Lenders are discriminating against pregnant women

Lenders are discriminating against pregnant women

Nearly one in 10 young women who have applied for a mortgage in the last 10 years say they were discriminated against by lenders on the basis that they were pregnant or intending to start a family.

Research conducted on behalf of uSwitch by Censuswide in September among 2,002 women aged 25 to 45-years-old who have applied for a mortgage in the last five to 10 years.

The poll found that a quarter intentionally hid their family plans from lenders.

Article continues after advert

Following the Mortgage Market Review in April 2014 and the introduction of stricter mortgage eligibility criteria, lenders may refuse to grant a mortgage if they believe an applicant is unable to meet the repayments due to an expected drop in income.

Of those confessing to hiding their plans from their lender, three quarters did so for fear of their application being rejected or missing out on the best rate.

The pressure of concealing this information is having an emotional impact though, with the survey showing 71 per cent of women who concealed their family plans from lenders experienced high levels of anxiety during the application process.

In order to cope with any drop in income, almost half of women saved up before going on maternity leave, in order to cover monthly mortgage repayments and other essential household bills, with 79 per cent stating that savings should be taken into account when applying for a mortgage.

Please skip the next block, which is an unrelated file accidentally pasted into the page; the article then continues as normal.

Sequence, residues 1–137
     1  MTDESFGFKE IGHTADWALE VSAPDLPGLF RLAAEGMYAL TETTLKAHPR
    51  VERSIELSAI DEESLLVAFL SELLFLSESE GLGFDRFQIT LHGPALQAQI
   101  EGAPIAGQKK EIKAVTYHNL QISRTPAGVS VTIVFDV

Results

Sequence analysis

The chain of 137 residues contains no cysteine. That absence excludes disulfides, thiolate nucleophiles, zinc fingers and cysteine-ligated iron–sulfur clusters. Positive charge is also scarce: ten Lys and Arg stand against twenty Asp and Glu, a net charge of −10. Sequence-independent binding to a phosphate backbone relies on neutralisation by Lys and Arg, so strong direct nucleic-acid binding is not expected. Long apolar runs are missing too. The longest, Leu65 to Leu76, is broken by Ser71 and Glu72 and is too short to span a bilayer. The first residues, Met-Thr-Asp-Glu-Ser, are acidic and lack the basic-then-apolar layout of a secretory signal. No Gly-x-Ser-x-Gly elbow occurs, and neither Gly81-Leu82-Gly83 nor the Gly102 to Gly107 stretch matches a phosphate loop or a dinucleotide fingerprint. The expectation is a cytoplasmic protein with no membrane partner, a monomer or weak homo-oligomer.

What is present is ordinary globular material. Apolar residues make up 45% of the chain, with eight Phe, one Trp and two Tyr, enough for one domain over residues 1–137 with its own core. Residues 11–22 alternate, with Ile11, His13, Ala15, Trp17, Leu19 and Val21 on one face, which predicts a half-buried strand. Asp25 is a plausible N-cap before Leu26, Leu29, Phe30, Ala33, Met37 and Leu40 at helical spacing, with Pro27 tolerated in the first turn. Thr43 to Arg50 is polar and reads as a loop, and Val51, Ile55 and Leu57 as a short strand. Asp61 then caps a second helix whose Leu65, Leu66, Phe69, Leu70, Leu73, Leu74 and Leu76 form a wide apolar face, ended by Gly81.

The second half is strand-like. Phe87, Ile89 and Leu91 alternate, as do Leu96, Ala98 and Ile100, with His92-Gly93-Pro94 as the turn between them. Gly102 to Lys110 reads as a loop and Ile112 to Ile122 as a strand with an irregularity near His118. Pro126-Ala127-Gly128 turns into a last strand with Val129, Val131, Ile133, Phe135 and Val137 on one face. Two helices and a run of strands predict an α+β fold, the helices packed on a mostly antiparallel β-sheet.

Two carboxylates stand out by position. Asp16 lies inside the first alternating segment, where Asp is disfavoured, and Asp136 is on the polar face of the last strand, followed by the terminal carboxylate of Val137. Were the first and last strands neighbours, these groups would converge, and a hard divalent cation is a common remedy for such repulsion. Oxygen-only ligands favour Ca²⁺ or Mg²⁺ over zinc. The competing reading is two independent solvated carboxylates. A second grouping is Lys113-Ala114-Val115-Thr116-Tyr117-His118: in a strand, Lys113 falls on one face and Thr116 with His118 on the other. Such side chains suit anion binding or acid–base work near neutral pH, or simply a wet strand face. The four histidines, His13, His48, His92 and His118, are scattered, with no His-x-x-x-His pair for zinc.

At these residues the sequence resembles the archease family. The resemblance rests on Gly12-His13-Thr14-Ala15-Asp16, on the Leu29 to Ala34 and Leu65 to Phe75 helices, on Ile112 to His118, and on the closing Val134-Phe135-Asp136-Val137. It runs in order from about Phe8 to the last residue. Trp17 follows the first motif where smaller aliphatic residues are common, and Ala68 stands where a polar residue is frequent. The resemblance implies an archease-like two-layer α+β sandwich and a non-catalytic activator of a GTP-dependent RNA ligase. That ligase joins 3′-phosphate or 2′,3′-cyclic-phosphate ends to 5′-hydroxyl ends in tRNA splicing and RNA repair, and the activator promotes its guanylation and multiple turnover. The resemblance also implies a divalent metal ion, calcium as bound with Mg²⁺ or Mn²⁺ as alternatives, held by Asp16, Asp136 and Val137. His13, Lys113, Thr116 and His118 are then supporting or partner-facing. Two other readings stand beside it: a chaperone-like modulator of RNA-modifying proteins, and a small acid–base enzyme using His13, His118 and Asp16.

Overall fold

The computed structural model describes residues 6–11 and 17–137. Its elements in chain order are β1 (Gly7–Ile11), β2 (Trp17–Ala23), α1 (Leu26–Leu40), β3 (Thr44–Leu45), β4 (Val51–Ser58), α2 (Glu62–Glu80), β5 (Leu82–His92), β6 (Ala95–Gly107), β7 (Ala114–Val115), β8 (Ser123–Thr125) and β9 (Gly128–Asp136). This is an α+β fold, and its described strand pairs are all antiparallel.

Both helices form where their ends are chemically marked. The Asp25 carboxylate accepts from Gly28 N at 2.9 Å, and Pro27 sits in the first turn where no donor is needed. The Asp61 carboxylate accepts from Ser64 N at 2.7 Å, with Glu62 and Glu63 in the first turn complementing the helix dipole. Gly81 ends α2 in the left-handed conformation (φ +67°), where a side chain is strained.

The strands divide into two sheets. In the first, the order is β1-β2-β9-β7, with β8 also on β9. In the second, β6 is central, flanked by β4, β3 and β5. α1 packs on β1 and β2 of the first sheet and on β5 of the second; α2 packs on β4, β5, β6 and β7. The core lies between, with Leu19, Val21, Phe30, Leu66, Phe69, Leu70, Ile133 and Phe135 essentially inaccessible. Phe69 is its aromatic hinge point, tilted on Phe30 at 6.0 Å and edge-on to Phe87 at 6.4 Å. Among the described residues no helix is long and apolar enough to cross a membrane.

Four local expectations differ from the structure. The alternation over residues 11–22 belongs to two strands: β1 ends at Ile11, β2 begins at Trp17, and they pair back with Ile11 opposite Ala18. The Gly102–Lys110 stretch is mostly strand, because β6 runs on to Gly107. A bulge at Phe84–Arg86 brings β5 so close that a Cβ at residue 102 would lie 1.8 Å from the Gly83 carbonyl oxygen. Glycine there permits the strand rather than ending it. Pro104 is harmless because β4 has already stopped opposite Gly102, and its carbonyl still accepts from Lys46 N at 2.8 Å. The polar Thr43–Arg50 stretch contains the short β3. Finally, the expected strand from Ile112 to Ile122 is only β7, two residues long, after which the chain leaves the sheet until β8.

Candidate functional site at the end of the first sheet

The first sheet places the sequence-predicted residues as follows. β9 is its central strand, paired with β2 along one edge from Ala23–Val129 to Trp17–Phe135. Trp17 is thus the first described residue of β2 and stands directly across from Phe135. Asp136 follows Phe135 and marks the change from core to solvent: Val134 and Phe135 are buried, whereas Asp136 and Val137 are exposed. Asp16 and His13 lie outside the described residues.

Over a quarter women think the current affordability criteria is out of step with modern family finances, according to uSwitch.

Tashema Jackson, commercial manager for banking for the switching website, warned withholding information can have severe implications in terms of invalidating any mortgage offers.

“While it is vital that lenders help people only borrow within their means and ensure they can afford future payments, it is not fair for lenders to make blanket assumptions.

“We believe lenders should be making decisions based on a broader picture of an applicant’s financial situation, including the amount that they have in savings, rather than on assumptions about a woman’s personal circumstances or intentions.”

The study was commissioned following a number of enquiries the Financial Ombudsman Service received from women who felt their mortgage applications were rejected because they were due to go on maternity leave.

Ms Jackson added that anyone feeling discriminated against should lodge a complaint with the mortgage provider before escalating to the Fos.

A spokesperson from the Fos told FTAdviser that as lending rules have tightened, it has started to receive a handful of enquiries from people concerned their mortgage application was rejected due to other factors, like their relative youth or the fact that they were due to go on maternity leave.

“As with age-related restrictions, we don’t think it is fair to penalise people solely because lending procedures don’t allow for being ‘too old’ or pregnant. Provided, of course, that you could still demonstrate you’re ability to pay even if your circumstances changed.”